Please use this identifier to cite or link to this item:
Appears in Collections:Psychology Journal Articles
Peer Review Status: Refereed
Title: The influence of facility and home pen design on the welfare of the laboratory-housed dog
Author(s): Scullion Hall, Laura E M
Robinson, Sally
Finch, John
Buchanan-Smith, Hannah M
Contact Email:
Keywords: Welfare
Laboratory-housed dog
Home pen design
Facility design
Issue Date: Jan-2017
Citation: Scullion Hall LEM, Robinson S, Finch J & Buchanan-Smith HM (2017) The influence of facility and home pen design on the welfare of the laboratory-housed dog. Journal of Pharmacological and Toxicological Methods, 83, pp. 21-29.
Abstract: We have an ethical and scientific obligation to Refine all aspects of the life of the laboratory-housed dog. Across industry there are many differences amongst facilities, home pen design and husbandry, as well as differences in features of the dogs such as strain, sex and scientific protocols. Understanding how these influence welfare, and hence scientific output is therefore critical. A significant proportion of dogs’ lives are spent in the home pen and as such, the design can have a considerable impact on welfare. Although best practice guidelines exist, there is a paucity of empirical evidence to support the recommended Refinements and uptake varies across industry. In this study, we examine the effect of modern and traditional home pen design, overall facility design, husbandry, history of regulated procedures, strain and sex on welfare-indicating behaviours and mechanical pressure threshold. Six groups of dogs from two facilities (total n=46) were observed in the home pen and tested for mechanical pressure threshold. Dogs which were housed in a purpose-built modern facility or in a modern design home pen showed the fewest behavioural indicators of negative welfare (such as alert or pacing behaviours) and more indicators of positive welfare (such as resting) compared to those in a traditional home pen design or traditional facility. Welfare indicating behaviours did not vary consistently with strain, but male dogs showed more negative welfare indicating behaviours and had greater variation in these behaviours than females. Our findings showed more positive welfare indicating behaviours in dogs with higher mechanical pressure thresholds. We conclude that factors relating to the design of home pens and implementation of Refinements at the facility level have a significant positive impact on the welfare of laboratory-housed dogs, with a potential concomitant impact on scientific endpoints.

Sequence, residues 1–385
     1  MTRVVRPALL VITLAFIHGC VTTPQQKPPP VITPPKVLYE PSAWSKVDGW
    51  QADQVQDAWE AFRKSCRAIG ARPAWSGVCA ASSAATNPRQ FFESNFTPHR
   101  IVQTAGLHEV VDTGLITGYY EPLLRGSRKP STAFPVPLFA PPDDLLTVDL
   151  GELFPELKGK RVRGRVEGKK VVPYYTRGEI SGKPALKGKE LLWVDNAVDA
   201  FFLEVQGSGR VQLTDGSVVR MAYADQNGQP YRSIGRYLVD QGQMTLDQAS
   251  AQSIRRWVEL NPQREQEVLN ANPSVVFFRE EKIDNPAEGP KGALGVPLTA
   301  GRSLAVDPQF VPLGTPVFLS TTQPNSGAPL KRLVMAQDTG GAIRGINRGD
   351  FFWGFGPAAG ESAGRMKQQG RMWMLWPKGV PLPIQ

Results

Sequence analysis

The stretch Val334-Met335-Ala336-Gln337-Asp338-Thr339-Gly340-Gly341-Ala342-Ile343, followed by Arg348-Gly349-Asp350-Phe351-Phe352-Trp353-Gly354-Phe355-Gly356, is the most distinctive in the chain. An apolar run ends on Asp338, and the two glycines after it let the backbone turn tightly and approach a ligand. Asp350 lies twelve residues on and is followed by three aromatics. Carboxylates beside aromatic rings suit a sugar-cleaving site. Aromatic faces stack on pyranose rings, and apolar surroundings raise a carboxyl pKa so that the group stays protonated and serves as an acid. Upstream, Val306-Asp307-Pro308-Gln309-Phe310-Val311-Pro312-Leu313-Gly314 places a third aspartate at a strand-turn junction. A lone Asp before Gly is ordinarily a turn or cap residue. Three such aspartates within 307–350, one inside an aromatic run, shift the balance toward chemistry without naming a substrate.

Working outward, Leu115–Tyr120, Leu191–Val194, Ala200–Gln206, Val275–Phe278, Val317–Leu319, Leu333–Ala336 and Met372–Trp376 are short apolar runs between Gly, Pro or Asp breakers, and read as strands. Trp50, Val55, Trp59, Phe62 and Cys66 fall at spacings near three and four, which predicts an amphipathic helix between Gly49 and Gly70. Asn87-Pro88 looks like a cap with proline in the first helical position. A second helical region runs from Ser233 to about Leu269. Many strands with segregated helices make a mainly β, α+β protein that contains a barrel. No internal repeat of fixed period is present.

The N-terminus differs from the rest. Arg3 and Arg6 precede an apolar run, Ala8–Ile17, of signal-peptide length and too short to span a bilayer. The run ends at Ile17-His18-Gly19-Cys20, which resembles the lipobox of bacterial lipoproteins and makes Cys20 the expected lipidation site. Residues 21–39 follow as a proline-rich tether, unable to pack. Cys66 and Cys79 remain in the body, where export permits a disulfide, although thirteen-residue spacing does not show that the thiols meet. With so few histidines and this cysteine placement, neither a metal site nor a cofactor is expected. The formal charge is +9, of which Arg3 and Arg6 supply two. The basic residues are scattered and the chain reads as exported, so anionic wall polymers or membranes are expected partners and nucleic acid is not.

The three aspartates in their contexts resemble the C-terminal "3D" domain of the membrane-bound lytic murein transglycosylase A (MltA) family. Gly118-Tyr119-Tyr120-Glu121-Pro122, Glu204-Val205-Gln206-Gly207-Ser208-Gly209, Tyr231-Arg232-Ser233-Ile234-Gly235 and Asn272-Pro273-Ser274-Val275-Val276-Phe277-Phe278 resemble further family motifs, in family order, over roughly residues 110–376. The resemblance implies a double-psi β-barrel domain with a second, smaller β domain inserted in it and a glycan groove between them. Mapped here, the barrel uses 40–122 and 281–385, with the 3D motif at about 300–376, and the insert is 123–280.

DOI Link: 10.1016/j.vascn.2016.09.005
Rights: © 2016 The Authors. Published by Elsevier B.V. This is an open access article under the CC BY license (
Licence URL(s):

Files in This Item:
File Description SizeFormat 
1-s2.0-S1056871916301101-main.pdfFulltext - Published Version1.16 MBAdobe PDFView/Open

This item is protected by original copyright

A file in this item is licensed under a Creative Commons License Creative Commons

Items in the Repository are protected by copyright, with all rights reserved, unless otherwise indicated.

If you believe that any material held in STORRE infringes copyright, please contact providing details and we will remove the Work from public display in STORRE and investigate your claim.